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Very good explanation of gender identity and the conflict society has accepting a girl born into a boy's body. Grayson should be thankful she was born in this time and not decades earlier. Society needs to find grace to accept these persons for who they are.
GRACEFULLY GRAYSON belongs to that particular category of books that make you both happy and sad.
Grayson is a boy. But he likes all things initially made for girls – dresses, skirts, bracelets, necklaces, hairclips, etc. This is a part of him that he feels he needs to keep secret, but he hates the secrecy, because it eats at his heart and soul.
So he decides to audition for the role of Persephone in the school play. But what if he gets the role? He will have to wear a dress… What will his aunt and uncle say? What will his classmates say? What will happen then?
Written in a simple but admirable language suited for young readers, GRACEFULLY GRAYSON explores themes such as gender fluidity, acceptance, belonging and courage. Part of me finds it slightly underwhelming that the author only mentions Grayson’s preference for girl clothing without expressly mentioning anything about gender fluidity, especially since this is a gender identity that young people should be aware exists and understand the meaning of.
But another part of me is perfectly at peace with Ami Polonsky not labelling Grayson in any LGBTQIA+ way, since Grayson himself does not exactly know why he likes girl clothing and mentally associates more with girls than boys.
In any case, this is a beautifully moving novel. It made me realize we should indeed publish more diverse stories for pre-teens. A little bit repetitive, but the lyrical writing was enough to lessen my notice of that.
I’m really happy I gave this book a chance, especially since I did not particularly enjoy this author’s new release THREADS, so I sure hoped she would redeem herself to me with this. And she did. Go Ami Polonsky! I’m curious to see what you will entice us with next.
I recently read a great book: Gracefully Grayson by Ami Polonsky. Grayson Sender has been holding onto a secret for what seems like forever: “he” is a girl on the inside, stuck in the wrong gender’s body. The weight of this secret is crushing, but sharing it would mean facing ridicule, scorn, rejection, or worse. Despite the risks, Grayson’s true self itches to break free. He decides to audition for the school play—and for the lead role, the goddess Persephone.
This book was wonderful! It was an easy read, well-paced and never boring. Polonsky keeps you engaged and seems to effortlessly write about a topic we don’t see too much of. It makes readers think. I know I did. What if I couldn’t be who am I? What if I couldn’t wear what I wanted to wear? How would I feel if I was rejected, or even attacked, for who I am?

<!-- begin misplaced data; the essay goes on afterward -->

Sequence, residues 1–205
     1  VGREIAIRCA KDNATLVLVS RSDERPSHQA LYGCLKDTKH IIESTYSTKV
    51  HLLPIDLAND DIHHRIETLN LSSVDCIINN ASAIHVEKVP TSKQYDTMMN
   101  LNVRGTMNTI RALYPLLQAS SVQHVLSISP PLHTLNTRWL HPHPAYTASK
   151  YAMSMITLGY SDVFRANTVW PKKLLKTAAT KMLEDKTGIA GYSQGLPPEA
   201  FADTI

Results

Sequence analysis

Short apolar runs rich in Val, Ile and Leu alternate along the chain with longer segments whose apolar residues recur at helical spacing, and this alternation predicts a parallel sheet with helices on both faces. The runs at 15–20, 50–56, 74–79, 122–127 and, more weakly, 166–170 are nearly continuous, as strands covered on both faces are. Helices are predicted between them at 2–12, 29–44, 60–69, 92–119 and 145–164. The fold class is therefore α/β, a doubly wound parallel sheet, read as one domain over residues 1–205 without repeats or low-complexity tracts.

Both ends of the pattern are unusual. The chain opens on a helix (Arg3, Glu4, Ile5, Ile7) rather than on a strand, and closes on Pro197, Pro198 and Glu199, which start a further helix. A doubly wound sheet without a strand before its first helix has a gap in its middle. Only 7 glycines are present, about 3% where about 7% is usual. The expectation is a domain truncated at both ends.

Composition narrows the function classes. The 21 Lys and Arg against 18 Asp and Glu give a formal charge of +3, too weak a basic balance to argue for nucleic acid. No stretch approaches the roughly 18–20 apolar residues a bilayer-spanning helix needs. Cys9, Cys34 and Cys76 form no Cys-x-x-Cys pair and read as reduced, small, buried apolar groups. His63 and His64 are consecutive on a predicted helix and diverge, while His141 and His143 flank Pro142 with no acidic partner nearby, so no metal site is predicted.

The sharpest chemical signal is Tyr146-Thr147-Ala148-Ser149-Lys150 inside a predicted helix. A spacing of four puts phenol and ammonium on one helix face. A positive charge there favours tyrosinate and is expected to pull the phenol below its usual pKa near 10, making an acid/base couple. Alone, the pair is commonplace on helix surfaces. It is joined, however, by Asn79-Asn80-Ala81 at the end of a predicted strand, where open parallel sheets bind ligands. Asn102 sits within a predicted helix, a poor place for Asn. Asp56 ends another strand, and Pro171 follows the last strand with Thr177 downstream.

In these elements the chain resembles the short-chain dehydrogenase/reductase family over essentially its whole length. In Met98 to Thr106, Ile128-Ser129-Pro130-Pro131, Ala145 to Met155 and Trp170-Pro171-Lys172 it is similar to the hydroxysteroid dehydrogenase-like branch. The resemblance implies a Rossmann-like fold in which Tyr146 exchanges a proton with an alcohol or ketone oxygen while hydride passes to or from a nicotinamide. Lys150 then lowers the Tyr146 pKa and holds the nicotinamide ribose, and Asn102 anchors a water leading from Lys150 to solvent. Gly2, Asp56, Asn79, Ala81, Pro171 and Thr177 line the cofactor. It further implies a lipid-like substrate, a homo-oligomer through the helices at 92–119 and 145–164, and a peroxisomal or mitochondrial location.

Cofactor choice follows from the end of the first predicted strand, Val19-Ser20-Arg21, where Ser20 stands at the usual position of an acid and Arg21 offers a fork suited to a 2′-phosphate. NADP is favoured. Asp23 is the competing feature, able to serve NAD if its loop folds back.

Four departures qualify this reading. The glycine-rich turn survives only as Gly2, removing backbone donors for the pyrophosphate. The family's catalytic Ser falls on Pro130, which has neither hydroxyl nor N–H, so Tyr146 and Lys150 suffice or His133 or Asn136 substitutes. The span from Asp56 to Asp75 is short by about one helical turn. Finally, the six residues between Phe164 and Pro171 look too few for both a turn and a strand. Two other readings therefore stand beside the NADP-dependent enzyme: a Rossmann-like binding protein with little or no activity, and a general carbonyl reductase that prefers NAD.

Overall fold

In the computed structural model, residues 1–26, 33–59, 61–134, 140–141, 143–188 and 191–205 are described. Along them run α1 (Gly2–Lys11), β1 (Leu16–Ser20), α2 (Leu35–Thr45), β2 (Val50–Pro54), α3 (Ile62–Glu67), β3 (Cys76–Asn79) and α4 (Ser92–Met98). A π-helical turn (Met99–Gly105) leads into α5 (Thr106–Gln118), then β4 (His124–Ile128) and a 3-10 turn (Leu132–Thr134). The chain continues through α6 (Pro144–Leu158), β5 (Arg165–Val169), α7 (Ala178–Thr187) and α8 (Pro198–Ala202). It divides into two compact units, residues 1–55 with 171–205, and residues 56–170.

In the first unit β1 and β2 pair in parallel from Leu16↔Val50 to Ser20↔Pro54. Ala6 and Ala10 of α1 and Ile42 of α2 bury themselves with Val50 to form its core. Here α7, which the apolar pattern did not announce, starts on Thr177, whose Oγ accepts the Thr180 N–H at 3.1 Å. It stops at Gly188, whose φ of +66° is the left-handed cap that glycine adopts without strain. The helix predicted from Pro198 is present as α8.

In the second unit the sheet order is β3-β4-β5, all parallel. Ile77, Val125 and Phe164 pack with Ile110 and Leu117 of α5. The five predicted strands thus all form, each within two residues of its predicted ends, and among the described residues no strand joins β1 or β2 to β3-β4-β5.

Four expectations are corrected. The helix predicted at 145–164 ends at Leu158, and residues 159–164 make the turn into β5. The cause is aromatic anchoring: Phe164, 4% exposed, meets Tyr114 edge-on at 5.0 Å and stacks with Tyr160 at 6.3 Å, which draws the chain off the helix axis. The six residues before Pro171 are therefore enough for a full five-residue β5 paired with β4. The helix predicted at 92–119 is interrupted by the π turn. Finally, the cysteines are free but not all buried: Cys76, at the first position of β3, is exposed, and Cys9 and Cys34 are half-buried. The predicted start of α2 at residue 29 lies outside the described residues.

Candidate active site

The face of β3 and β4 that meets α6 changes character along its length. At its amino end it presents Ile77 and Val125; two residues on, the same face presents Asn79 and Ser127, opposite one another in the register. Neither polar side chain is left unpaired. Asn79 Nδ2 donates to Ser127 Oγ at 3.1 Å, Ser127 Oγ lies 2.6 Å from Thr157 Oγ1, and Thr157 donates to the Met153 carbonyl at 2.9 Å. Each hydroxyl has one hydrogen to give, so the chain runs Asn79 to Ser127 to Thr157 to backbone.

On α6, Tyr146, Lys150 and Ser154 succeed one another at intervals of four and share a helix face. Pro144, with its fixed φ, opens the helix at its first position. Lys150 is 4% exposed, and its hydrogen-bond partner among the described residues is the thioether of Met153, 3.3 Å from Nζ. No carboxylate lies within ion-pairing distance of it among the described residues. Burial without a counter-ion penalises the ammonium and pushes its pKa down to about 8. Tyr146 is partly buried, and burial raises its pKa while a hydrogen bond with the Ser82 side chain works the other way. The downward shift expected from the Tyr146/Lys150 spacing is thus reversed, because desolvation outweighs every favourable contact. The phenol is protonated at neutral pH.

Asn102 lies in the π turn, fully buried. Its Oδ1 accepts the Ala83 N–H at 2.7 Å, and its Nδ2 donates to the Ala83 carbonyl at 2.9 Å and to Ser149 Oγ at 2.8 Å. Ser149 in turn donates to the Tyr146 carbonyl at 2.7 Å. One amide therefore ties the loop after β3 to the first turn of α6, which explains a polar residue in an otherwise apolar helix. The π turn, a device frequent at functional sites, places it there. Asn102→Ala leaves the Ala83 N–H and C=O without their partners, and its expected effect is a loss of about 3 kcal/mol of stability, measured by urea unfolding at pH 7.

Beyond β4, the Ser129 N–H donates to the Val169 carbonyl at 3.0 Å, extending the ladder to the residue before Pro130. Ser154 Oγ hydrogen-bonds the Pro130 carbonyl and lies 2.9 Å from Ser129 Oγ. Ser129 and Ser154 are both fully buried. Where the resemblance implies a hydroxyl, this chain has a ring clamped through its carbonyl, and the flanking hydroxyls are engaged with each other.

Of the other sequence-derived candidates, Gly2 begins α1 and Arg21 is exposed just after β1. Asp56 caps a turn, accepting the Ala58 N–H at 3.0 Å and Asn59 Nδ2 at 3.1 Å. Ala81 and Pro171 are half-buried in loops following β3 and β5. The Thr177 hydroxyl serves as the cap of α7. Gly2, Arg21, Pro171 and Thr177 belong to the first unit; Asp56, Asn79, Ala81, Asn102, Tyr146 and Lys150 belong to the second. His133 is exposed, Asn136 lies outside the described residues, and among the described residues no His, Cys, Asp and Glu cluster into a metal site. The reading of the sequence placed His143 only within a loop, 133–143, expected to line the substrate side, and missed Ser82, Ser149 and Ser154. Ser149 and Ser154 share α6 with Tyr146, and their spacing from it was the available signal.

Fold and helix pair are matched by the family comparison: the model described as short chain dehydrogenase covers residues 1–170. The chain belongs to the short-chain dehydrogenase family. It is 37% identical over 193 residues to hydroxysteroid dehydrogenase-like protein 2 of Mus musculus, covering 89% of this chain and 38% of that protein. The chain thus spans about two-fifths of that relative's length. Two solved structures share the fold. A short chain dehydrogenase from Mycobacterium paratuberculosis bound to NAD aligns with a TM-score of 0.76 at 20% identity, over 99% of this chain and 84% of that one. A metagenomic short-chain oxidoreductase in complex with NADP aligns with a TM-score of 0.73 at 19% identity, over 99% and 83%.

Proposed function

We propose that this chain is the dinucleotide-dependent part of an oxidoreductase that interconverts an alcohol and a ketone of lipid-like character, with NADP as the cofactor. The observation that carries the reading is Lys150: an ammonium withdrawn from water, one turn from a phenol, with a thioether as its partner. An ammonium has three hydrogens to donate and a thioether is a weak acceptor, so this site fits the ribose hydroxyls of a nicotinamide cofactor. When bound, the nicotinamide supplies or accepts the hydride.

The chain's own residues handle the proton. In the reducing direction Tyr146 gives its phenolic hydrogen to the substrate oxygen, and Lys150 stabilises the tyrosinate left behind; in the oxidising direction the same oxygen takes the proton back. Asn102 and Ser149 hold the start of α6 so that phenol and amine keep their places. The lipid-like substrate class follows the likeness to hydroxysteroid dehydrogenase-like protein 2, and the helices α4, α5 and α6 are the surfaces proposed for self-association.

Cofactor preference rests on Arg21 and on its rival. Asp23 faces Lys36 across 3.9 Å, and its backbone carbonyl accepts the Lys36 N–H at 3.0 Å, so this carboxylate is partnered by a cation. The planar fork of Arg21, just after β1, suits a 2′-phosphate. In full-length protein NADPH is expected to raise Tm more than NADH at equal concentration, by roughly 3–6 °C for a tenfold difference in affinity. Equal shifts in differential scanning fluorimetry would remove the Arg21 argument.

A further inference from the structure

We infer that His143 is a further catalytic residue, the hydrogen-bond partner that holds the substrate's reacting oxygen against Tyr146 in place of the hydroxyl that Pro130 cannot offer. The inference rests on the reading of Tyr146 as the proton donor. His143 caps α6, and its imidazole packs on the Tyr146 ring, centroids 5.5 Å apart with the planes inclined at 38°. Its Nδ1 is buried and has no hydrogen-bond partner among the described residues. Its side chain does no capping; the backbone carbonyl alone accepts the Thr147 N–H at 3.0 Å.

Very nice book. I needed a book for school so I bought this. Only thing is if you are a closeted trans person you may not want to show your parents the book as you can tell it is about being trans from just reading the back. You may get questioned why you bought the book.
I discovered your book thanks to Brian Katcher's review which was enough to peek my curiosity. Also, the fact that I am a transgender woman was enough to move your book to the top of my reading list. I will admit that I do hold very high standards when it comes to transgender characters. I always have an initial pang of fear when someone who is not transgender makes the attempt to bring to life a character such as Grayson. In the case of Ami Polonsky, she was successful. I believed and cared about Grayson and her struggle to figure out who she was. She was not just a boy named Grayson and the movement towards the play with the revelation on the side for the character fleshed out the struggle and made it believable. The only complaint I have about the novel is that I didn't want it to stop. I wanted to she her fully emerge from Hades as Persephone. Despite that, the book was a good read and I recommend it.
I loved it, it was so well written. And I admire an author that can write about something that is not usually a topic. My one comment was the ending. It just ended in a place that felt so random, a place where I was thinking “there has to be more”. I think that Grayson should have declared that he wanted to be a girl, instead of just ending where he know he was a girl. But other than that amazing book, I would recommend it.as a middle school and upper must read.